The Wisconsin State Capitol building has a venerated relic on loan from the Navy, the Badger and Shield crest that was crafted from melted-down Spanish cannons seized in Cuba during the Spanish-American War, and carried by the Great White Fleet-era USS Wisconsin (Battleship No.9). The crest, removed when BB-9 was given a coat of haze grey sometime after 1908, was in the USNA’s collection and loaned to the state in 1988, installed in front of the Governor’s Conference Room.
Well, in 2020, the Nauticus Museum in Norfolk– home to the museum ship USS Wisconsin (BB-64) likely innocently asked USNA for the Badger so that it can be installed in their venue. This sparked a back and forth with the Navy and state officials asking to retain the crest. Of course, it probably helped that the state’s Democrat governor, Tony Evers, wrote Biden’s SECNAV, Carlos Del Toro, to help smooth things out.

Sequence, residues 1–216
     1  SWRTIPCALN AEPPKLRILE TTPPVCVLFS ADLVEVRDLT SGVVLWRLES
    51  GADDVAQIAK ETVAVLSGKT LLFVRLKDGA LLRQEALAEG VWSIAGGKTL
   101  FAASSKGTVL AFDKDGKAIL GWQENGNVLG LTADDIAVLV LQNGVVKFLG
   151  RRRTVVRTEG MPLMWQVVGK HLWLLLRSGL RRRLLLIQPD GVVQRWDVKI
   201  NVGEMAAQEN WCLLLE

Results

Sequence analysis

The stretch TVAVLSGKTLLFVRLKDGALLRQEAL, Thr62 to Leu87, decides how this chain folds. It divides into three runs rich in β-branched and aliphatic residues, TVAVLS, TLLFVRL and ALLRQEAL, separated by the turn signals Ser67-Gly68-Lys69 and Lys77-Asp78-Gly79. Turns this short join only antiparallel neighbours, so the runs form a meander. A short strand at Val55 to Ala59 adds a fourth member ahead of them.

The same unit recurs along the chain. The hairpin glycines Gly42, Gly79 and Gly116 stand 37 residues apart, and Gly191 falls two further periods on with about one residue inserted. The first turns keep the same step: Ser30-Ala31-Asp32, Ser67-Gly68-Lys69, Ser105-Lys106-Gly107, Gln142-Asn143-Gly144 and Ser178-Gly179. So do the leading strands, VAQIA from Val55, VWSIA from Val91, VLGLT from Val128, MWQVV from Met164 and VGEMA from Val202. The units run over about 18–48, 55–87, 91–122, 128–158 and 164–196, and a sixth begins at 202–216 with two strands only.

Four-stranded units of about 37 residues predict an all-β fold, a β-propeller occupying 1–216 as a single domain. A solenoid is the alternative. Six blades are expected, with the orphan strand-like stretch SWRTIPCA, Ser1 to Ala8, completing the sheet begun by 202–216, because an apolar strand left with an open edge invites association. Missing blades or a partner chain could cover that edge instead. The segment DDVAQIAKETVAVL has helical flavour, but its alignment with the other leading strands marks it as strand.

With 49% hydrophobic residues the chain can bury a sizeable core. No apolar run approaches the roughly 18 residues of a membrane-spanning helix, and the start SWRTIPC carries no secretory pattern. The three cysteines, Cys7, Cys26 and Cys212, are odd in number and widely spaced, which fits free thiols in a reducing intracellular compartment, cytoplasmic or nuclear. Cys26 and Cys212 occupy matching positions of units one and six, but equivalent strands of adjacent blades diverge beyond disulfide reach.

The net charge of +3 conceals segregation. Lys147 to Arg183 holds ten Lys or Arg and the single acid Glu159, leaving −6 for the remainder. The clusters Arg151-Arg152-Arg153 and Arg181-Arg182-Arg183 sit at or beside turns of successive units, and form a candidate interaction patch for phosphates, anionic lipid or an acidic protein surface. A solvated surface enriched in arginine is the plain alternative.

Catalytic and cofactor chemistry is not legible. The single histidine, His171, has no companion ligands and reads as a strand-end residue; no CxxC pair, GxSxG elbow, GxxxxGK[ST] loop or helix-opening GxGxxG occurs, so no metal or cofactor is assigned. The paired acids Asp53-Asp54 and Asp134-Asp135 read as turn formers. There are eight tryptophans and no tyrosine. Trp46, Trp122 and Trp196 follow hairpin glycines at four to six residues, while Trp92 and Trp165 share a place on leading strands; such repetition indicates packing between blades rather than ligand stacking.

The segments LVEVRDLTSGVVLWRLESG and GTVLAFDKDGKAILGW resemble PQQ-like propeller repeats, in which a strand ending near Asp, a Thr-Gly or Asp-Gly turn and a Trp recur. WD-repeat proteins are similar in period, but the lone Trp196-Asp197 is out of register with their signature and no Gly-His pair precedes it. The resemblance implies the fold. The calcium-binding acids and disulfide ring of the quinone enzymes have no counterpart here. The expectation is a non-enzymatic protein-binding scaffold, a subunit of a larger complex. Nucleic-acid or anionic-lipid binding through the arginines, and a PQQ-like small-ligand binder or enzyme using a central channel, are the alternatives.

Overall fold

This week, Del Toro said the Navy will extend the loan for another 50 years, so you can expect this may come back up in 2072– if we all aren’t speaking Chinese by then.
“I prize the strong affinity that the citizens of Wisconsin have developed toward the badger statue; it reflects the state’s proud maritime heritage and deep ties to the U.S. Navy,” Del Toro reportedly wrote Evers. “The Navy feels those ties, too, and we thank the people of Wisconsin for their ongoing interest in and support of our Navy and our nation’s maritime history.”
I personally think it is the right call by the Navy, as Wisconsin has taken great care of the Badger and it is seen every day in the state that its ship was named for.
Besides, Del Toro already has more than enough bad blood between the Navy and other states to worry about.